Additional genes involved with nitrite assimilation are found in Synechococcus elongatus strains but absent from our sequenced strains. These include nirB, required for maximal nitrite reductase activity, and ntcB, a transcription factor involved in nitrite-induced gene activation [73,74]. Though nitrate is the most abundant traditional N source, it is also the most energetically costly, requiring eight electrons to reduce fully to ammonium (nitrate > nitrite > ammonium). Increasing the preference for nitrite over nitrate can reduce this demand which may result in substantial energy savings. Synechococcus sp. CCY9618 encodes a homologous transporter previously only identified in marine picocyanobacteria, nrtP, which preferentially takes up nitrate over nitrite . The differences between sub-cluster 5.2 freshwater picocyanobacteria and Synechococcus elongatus may indicate differing preferences for nutrient growth, influencing the composition of the Synechococcus community.
The newly sequenced five freshwater picocyanobacteria expand the number of genomes available for sub-cluster 5.2 of the Syn/Pro clade. The number of genomic capabilities for metabolism and cellular processes vary significantly between these strains and Synechococcus elongatus strains. These findings contribute to a better understanding not only of the ecology, but the evolutionary relationships of freshwater Synechococcus and re-evaluates the conclusions that can be drawn from the model organism Synechococcus elongatus.
Gene neighbourhood of the narB-nrtABCD-nirA operon for nitrate assimilation. Green arrows are genes involved with nitrate assimilation. Orange arrows are genes involved with photosynthesis. Blue arrows are genes involved with carbon metabolism. Black arrows are other annotated genes while grey arrows indicate hypothetical genes. petA: apocytochrome f (K02634). petC: cytochrome b6f complex iron-sulphur subunit (K02636), psaJ: photosystem I subunit 9 (K02697), psaF: Photosystem I subunit 3 K02694), xfp: xylulose-5-phosphate/fructose-6-phosphate phosphoketolase (K01621), ackA: acetate kinase (K00925), sdhB: succinate dehydrogenase/fumarate reductase iron-sulphur subunit (K00240), sdhA: succinate dehydrogenase/fumarate reductase flavoprotein subunit (K00239), sdhC: succinate dehydrogenase/fumarate reductase cytochrome b subunit (K00241).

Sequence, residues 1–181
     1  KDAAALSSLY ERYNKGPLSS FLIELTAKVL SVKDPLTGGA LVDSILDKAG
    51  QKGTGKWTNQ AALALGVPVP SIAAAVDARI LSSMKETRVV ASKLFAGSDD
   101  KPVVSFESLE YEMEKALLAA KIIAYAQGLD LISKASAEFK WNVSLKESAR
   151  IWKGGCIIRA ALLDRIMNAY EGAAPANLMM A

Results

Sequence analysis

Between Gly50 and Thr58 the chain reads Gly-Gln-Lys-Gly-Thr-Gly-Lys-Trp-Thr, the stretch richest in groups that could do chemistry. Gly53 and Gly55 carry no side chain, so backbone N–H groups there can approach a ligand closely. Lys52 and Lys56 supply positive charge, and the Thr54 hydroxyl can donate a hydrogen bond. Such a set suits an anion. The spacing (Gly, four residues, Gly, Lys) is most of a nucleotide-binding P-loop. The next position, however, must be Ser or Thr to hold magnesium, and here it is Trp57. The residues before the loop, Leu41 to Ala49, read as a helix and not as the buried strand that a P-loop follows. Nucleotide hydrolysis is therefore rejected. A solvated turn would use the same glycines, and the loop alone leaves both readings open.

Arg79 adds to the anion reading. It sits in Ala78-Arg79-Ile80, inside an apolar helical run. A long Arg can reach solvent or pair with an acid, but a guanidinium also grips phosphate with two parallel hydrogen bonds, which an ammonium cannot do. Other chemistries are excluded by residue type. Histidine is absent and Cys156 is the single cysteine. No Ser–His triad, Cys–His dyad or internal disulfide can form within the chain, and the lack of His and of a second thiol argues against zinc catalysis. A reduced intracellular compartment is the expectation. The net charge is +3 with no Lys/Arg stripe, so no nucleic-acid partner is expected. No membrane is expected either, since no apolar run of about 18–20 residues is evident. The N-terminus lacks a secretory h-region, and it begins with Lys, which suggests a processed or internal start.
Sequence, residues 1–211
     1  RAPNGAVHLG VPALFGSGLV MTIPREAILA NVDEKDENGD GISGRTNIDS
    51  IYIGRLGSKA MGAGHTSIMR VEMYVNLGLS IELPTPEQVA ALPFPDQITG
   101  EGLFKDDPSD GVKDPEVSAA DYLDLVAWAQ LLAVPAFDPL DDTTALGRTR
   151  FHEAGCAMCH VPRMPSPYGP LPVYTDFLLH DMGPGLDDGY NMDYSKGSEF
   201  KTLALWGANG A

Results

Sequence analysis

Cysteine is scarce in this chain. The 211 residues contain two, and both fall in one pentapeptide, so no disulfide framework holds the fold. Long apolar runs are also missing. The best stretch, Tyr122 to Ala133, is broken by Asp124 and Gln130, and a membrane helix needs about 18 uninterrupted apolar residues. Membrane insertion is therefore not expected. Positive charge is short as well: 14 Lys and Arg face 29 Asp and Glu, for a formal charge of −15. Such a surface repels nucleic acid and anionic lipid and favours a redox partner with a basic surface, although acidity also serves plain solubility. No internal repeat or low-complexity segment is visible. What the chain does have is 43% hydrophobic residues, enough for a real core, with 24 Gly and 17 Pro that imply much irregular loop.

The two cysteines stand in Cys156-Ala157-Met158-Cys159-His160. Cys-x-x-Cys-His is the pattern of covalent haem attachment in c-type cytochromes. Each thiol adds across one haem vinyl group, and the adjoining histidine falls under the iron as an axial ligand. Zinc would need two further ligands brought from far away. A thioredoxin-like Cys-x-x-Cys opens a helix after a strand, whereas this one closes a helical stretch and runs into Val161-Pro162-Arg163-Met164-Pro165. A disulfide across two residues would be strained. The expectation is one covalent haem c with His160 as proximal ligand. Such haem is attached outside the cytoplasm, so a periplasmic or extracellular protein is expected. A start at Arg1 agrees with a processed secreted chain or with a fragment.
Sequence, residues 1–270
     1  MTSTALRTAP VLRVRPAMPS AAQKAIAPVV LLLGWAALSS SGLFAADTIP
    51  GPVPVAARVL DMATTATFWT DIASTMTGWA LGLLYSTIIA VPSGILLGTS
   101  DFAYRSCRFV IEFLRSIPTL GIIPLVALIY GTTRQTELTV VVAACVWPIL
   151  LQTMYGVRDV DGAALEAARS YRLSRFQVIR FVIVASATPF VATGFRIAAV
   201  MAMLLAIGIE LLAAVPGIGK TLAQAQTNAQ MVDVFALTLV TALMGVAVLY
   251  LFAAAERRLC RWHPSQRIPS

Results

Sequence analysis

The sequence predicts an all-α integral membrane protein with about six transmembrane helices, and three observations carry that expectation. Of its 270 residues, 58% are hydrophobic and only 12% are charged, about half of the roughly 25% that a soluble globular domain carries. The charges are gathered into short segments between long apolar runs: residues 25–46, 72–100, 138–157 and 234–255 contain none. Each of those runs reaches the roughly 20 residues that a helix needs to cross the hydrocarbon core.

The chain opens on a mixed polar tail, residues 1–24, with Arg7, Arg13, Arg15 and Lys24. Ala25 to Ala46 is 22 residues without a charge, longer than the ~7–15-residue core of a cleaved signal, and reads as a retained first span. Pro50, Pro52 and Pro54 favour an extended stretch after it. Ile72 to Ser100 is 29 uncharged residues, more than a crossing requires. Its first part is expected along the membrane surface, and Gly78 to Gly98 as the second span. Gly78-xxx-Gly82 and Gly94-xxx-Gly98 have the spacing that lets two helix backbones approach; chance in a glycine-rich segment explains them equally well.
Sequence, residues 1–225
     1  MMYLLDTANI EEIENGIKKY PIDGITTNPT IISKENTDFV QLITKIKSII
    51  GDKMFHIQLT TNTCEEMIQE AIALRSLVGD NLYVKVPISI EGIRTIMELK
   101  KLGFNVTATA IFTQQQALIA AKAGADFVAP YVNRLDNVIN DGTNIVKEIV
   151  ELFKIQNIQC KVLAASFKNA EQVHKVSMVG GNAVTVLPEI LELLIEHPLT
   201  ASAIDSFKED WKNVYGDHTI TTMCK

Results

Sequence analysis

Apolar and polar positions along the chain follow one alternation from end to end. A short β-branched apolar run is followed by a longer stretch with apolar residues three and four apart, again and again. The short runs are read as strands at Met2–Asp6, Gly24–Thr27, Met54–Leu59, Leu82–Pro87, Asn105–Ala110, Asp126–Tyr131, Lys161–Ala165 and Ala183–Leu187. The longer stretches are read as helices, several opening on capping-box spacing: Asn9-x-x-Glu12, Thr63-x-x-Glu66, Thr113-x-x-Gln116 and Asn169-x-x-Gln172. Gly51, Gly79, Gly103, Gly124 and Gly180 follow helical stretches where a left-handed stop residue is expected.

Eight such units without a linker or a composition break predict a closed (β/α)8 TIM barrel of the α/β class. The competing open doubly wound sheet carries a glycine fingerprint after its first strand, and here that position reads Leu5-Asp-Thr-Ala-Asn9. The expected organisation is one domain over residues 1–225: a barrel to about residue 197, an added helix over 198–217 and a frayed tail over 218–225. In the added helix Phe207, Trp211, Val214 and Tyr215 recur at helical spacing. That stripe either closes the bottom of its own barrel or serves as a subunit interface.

AP: allophycocyanin; CCGs: core cyanobacterial genes; PBS: phycobilisome; PE: phycoerythrin; PSI: Photosystem I; PSII: Photosystem II.
Supplementary figures 1, 3-7.
Supplementary figure 2.
Funding support for this work came from a NERC CDT scholarship (NE/RO11524/1) for E. J. Druce and a Royal Society University Research Fellowship to P. S.-B.
The authors have declared that no competing interest exists.
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Corresponding author: Name: Patricia Sánchez-Baracaldo, E-mail: p.sanchez-baracaldoac.uk.